AMHERST, Mass. - Six top scholars in the sciences will visit the University of Massachusetts Feb. 25-26 to participate in discussions on the future of the life sciences and natural resources at the University. The visitors have agreed to come to campus as a newly established ad hoc group, the External Advisory Board on the Life Sciences and Natural Resources, and will hold a number of meetings with faculty, staff, students, and administrators.
All members of the University community are invited to join the group in an open forum to discuss the future of the life sciences and natural resources at the University Feb. 26 at 4:30 p.m. in Memorial Hall. Besides meeting in this public forum, the group will hold individual meetings with Chancellor David K. Scott, Provost Cora B. Marrett, various deans, department heads, interdisciplinary program directors, and others.
Included in "life sciences" are those disciplines that study life and its evolution, the role of ecological systems in the environment, and the management of natural resources.
The visiting scientists include: Lawrence Gilbert, associate provost of the University of North Carolina, Chapel Hill, who will chair the advisory board; Peter Crane, vice president for academic affairs and curator, Field Museum of Natural History, Chicago; Arthur Horwich, professor of genetics and pediatrics, Yale University; Daryl Lund, dean of agriculture and life sciences, Cornell University; Eve Marder, professor and chair of the neuroscience program, Brandeis University; and Gary Schneider, associate dean of agricultural sciences and natural resources, University of Tennessee, Knoxville.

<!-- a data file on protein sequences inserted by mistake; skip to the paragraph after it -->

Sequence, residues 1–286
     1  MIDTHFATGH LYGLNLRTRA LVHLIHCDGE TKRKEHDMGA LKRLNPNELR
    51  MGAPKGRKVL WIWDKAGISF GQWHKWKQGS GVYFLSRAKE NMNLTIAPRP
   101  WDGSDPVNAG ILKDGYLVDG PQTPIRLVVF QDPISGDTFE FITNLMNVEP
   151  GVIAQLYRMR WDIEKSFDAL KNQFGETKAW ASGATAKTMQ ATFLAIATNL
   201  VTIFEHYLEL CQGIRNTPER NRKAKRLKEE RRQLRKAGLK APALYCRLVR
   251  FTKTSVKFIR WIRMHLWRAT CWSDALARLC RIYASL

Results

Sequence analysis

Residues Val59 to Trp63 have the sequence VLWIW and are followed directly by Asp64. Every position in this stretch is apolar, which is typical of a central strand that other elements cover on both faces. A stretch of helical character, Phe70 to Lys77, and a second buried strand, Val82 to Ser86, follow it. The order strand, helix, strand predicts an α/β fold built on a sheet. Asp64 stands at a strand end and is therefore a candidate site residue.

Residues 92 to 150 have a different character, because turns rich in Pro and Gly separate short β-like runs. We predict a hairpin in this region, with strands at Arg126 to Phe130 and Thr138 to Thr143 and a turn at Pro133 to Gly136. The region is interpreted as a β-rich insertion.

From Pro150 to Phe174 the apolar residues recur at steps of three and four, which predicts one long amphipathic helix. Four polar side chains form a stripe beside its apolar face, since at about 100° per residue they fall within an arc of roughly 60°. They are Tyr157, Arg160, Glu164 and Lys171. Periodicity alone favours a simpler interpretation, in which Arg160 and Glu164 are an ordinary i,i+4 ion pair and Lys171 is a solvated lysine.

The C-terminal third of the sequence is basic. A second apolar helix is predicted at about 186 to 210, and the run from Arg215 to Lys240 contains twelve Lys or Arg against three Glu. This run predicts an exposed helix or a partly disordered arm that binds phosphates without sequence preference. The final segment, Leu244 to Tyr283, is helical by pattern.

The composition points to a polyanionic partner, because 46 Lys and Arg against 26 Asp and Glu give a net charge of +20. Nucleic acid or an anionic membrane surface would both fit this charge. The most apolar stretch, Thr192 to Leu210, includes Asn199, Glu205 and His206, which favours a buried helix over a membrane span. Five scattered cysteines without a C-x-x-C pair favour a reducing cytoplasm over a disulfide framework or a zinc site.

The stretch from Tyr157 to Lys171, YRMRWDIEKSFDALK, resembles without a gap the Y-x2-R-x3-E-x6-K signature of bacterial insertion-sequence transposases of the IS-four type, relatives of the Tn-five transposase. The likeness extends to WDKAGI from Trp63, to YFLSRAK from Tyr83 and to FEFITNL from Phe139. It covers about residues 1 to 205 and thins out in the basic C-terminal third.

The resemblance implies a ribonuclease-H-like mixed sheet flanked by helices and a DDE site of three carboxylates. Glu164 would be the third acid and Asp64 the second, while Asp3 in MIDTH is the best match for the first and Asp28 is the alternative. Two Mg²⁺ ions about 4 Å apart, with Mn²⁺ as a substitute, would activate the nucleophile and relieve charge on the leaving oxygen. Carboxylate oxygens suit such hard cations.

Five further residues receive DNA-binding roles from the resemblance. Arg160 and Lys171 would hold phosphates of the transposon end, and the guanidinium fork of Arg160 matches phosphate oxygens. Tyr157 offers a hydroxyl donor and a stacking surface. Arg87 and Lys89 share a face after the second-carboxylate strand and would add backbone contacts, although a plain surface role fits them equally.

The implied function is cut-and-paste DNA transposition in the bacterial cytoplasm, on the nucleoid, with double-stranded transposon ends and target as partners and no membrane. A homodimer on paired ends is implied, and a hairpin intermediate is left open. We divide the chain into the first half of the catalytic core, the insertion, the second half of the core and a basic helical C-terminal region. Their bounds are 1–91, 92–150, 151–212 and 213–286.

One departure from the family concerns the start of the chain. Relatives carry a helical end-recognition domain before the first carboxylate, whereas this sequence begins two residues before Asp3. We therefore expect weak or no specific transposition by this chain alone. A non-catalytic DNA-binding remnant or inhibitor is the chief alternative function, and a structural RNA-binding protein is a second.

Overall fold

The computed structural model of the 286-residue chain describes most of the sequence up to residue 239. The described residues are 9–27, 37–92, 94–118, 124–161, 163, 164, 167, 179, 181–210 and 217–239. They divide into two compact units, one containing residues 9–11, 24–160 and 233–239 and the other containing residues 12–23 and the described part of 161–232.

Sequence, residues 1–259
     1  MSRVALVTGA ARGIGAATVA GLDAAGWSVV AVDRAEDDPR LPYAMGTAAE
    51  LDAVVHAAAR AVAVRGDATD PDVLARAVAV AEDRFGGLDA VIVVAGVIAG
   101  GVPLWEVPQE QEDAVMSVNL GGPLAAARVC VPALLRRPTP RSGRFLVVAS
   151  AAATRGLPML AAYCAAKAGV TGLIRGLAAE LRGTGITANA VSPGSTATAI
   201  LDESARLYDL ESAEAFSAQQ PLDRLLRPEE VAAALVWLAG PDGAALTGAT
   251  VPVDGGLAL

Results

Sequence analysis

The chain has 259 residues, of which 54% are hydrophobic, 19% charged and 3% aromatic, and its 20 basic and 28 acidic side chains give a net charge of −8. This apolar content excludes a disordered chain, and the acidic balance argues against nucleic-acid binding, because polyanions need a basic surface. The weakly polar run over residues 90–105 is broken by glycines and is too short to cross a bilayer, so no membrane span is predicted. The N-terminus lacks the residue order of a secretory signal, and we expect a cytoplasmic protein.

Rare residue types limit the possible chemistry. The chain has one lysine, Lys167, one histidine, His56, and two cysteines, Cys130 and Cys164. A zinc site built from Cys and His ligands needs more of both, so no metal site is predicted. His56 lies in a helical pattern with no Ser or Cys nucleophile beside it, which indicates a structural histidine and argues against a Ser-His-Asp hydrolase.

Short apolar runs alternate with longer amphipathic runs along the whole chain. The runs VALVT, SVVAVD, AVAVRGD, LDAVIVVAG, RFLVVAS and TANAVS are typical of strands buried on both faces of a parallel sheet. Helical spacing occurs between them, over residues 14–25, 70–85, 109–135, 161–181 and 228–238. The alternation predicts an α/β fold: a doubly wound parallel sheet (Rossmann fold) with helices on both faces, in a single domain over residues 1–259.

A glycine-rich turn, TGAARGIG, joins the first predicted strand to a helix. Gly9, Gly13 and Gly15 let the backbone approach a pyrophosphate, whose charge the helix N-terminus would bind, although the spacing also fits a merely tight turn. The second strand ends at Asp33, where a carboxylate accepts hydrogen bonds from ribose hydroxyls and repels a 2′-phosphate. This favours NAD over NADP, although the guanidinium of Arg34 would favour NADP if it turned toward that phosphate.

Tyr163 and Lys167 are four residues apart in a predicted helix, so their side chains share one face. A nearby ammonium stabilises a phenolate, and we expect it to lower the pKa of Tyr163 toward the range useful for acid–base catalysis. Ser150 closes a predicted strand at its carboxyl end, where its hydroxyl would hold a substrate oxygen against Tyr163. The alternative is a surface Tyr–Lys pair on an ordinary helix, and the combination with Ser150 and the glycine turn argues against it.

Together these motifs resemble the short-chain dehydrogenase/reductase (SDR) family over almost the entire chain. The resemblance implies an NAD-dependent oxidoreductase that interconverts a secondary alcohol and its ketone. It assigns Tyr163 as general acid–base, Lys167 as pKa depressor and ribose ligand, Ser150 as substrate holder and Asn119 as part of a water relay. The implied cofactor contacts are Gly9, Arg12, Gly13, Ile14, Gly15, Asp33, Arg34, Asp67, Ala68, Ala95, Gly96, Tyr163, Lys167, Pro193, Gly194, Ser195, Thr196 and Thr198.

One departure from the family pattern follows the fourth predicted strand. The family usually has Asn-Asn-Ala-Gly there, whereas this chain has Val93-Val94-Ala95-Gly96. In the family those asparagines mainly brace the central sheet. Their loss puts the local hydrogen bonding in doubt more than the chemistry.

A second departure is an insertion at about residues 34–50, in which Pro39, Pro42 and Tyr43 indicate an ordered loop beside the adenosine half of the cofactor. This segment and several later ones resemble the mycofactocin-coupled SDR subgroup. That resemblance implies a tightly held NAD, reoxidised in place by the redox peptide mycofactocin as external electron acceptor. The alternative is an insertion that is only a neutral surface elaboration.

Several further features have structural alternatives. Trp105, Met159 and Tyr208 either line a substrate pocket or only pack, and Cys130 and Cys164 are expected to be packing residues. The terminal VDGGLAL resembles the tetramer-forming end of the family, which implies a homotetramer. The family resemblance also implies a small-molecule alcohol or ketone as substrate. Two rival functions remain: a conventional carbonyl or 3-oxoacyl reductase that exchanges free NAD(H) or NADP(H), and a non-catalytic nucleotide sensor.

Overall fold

Marrett said that by bringing to campus distinguished scientists, such as the advisory team and last week’s visitor Rita R. Colwell, President Clinton’s nominee to be the new director of the National Science Foundation, "We hope to take advantage of their broad perspectives and also to showcase the work being done on this campus in many important areas."
According to Marrett, in increasing numbers, faculty in a range of departments are working together on topics in the life sciences which cut across traditional organizational lines. Examples include biotechnology and environmental sciences. Marrett said the advisory board will assist the campus in its deliberations on the life sciences, including how they should be organized and whether a new life sciences college should be created.
Marrett said that for the past two years a campus-wide panel, called the Life Sciences Steering Committee (LSSC), has been discussing the future of the life sciences, including the pros and cons of forming a College of Life Sciences and Natural Resources from departments now in three separate colleges: Food and Natural Resources, Natural Sciences and Mathematics, and Social and Behavioral Sciences.
Departments recommended by the LSSC for possible inclusion in the new college are: biochemistry and molecular biology and biology, now in the College of Natural Sciences and Mathematics; entomology, food science, forestry and wildlife management, landscape architecture and regional planning, microbiology, plant and soil sciences, and veterinary and animal sciences, now in the College of Food and Natural Resources; and psychology, now in the College of Social and Behavioral Sciences.
Any reorganization plan must coincide with scholarly directions in the life sciences, highlight unique strengths of the University, and represent a logical arrangement for integrating teaching, research, and outreach, Marrett said.
Marrett said: "The University is interested in learning how to strengthen the connections among faculty, and how to build on the campus’s already strong programs. The input of distinguished scholars cannot fail to help us pursue these goals."